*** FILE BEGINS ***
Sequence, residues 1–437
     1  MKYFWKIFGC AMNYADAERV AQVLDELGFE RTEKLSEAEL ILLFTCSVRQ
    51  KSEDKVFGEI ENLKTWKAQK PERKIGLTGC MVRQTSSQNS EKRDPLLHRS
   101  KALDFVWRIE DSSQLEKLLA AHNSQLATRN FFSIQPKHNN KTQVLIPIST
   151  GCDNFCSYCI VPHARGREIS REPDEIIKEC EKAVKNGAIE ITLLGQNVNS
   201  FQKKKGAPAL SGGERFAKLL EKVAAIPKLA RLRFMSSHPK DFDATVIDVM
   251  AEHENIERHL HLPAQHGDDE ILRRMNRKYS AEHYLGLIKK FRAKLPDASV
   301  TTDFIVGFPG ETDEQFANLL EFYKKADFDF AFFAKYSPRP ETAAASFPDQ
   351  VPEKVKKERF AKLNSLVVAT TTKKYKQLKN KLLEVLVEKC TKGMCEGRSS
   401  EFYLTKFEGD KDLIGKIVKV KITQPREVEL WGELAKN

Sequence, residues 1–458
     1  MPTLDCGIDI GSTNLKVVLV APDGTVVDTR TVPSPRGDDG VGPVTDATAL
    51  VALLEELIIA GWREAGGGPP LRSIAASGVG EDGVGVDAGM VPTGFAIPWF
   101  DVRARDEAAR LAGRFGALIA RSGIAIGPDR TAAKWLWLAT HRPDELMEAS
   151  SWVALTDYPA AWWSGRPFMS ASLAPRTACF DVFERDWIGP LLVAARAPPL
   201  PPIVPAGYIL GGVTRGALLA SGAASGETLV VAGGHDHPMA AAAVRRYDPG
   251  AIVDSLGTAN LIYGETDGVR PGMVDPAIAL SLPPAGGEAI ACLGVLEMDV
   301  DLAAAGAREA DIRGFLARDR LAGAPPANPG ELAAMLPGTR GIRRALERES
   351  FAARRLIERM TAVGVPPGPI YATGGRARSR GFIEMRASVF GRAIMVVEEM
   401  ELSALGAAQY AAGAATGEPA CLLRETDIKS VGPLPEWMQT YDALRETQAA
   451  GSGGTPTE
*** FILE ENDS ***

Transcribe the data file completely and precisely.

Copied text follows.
Sequence, residues 1–437
     1  MKYFWKIFGC AMNYADAERV AQVLDELGFE RTEKLSEAEL ILLFTCSVRQ
    51  KSEDKVFGEI ENLKTWKAQK PERKIGLTGC MVRQTSSQNS EKRDPLLHRS
   101  KALDFVWRIE DSSQLEKLLA AHNSQLATRN FFSIQPKHNN KTQVLIPIST
   151  GCDNFCSYCI VPHARGREIS REPDEIIKEC EKAVKNGAIE ITLLGQNVNS
   201  FQKKKGAPAL SGGERFAKLL EKVAAIPKLA RLRFMSSHPK DFDATVIDVM
   251  AEHENIERHL HLPAQHGDDE ILRRMNRKYS AEHYLGLIKK FRAKLPDASV
   301  TTDFIVGFPG ETDEQFANLL EFYKKADFDF AFFAKYSPRP ETAAASFPDQ
   351  VPEKVKKERF AKLNSLVVAT TTKKYKQLKN KLLEVLVEKC TKGMCEGRSS
   401  EFYLTKFEGD KDLIGKIVKV KITQPREVEL WGELAKN

Sequence, residues 1–458
     1  MPTLDCGIDI GSTNLKVVLV APDGTVVDTR TVPSPRGDDG VGPVTDATAL
    51  VALLEELIIA GWREAGGGPP LRSIAASGVG EDGVGVDAGM VPTGFAIPWF
   101  DVRARDEAAR LAGRFGALIA RSGIAIGPDR TAAKWLWLAT HRPDELMEAS
   151  SWVALTDYPA AWWSGRPFMS ASLAPRTACF DVFERDWIGP LLVAARAPPL
   201  PPIVPAGYIL GGVTRGALLA SGAASGETLV VAGGHDHPMA AAAVRRYDPG
   251  AIVDSLGTAN LIYGETDGVR PGMVDPAIAL SLPPAGGEAI ACLGVLEMDV
   301  DLAAAGAREA DIRGFLARDR LAGAPPANPG ELAAMLPGTR GIRRALERES
   351  FAARRLIERM TAVGVPPGPI YATGGRARSR GFIEMRASVF GRAIMVVEEM
   401  ELSALGAAQY AAGAATGEPA CLLRETDIKS VGPLPEWMQT YDALRETQAA
   451  GSGGTPTE